The Decline of Computers As a General Purpose Technology: Why Deep Learning and the End of Moore’s Law are Fragmenting Computing

60 Pages Posted: 12 Dec 2018

See all articles by Neil Thompson

Neil Thompson

MIT Computer Science and Artificial Intelligence Lab (CSAIL); Lab for Innovation Science at Harvard

Svenja Spanuth

RWTH Aachen University; MIT Sloan School of Management

Date Written: November 20, 2018

Abstract

It is a triumph of technology and of economics that our computer chips are so universal. Countless applications are only possible because of the staggering variety of calculations that modern chips can compute. But, this was not always the case. Computers used to be specialized, doing only narrow sets of calculations. Their rise as a 'general purpose technology (GPT)' only happened because of the technical breakthroughs by computer scientists like von Neumann and Turing, and the mutually-reinforcing economic cycle of general purpose technologies, where product improvement and market growth fuel each other.

This paper argues that technological and economic forces are now pushing computing in the opposite direction, making computer processors less general purpose and more specialized. This process has already begun, driven by the slow down in Moore's Law and the algorithmic success of Deep Learning. This trend towards specialization threatens to fragment computing into 'fast lane' applications that get powerful customized chips and 'slow lane' applications that get stuck using general purpose chips whose progress fades.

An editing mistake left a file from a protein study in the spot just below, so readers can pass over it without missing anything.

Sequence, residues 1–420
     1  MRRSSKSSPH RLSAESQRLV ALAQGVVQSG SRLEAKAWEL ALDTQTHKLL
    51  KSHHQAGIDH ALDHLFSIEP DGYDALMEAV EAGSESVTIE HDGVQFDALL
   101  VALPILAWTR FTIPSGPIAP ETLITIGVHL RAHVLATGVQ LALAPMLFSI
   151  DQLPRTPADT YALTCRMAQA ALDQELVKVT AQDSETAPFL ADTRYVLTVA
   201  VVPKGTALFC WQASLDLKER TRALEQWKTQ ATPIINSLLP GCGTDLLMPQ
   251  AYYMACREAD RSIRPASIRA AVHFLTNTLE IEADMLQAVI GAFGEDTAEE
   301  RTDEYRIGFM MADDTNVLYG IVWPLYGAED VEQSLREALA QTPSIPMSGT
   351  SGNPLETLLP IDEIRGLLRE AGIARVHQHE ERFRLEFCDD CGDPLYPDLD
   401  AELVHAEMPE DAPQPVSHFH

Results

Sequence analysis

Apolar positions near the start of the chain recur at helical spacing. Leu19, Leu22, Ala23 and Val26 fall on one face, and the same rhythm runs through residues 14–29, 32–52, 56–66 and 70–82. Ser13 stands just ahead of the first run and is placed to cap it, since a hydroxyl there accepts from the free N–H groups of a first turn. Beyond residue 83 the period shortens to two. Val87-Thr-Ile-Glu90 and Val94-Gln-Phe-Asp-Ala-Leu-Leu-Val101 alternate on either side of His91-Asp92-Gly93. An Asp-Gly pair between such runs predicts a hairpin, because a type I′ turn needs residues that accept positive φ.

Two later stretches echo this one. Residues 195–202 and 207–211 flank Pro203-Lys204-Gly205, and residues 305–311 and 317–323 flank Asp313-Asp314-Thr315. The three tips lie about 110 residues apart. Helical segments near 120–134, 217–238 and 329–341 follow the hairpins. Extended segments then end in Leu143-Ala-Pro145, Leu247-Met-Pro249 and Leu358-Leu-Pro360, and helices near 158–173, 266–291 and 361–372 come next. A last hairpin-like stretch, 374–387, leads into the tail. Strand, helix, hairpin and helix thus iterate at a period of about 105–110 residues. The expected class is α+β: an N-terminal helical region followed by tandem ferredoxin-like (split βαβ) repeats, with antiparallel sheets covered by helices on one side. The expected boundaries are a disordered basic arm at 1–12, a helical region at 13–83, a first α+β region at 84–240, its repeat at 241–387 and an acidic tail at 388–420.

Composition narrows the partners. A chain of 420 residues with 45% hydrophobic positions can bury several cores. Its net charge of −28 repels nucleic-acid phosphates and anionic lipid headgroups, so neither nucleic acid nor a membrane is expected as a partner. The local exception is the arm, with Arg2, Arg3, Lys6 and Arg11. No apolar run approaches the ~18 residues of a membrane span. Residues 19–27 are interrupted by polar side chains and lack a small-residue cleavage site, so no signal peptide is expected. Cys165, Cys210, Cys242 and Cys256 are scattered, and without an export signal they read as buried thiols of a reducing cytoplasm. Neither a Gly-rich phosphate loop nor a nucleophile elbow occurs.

The rise of general purpose computer chips has been remarkable. So, too, could be their fall. This paper outlines the forces already starting to fragment this general purpose technology.

Keywords: General Purpose Technology, Deep Learning, Moore's Law, Computer Chips, Processors, GPU, CPU, Economics of I.T., Information Technology

JEL Classification: O31, O32, O33, O40, L86, L1

Suggested Citation

Thompson, Neil and Spanuth, Svenja, The Decline of Computers As a General Purpose Technology: Why Deep Learning and the End of Moore’s Law are Fragmenting Computing (November 20, 2018). Available at SSRN: https://ssrn.com/abstract=3287769 or http://dx.doi.org/10.2139/ssrn.3287769

Neil Thompson (Contact Author)

MIT Computer Science and Artificial Intelligence Lab (CSAIL) ( email )

32 Vassar Street
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Cambridge, MA MA 02142
United States
617-324-6029 (Phone)

HOME PAGE: http://www.neil-t.com

Lab for Innovation Science at Harvard ( email )

1737 Cambridge St.
Cambridge, MA 02138
United States

Svenja Spanuth

RWTH Aachen University ( email )

Templergraben 55
Aachen, 52062
Germany

MIT Sloan School of Management ( email )

100 Main Street
Cambridge, MA 02142
United States

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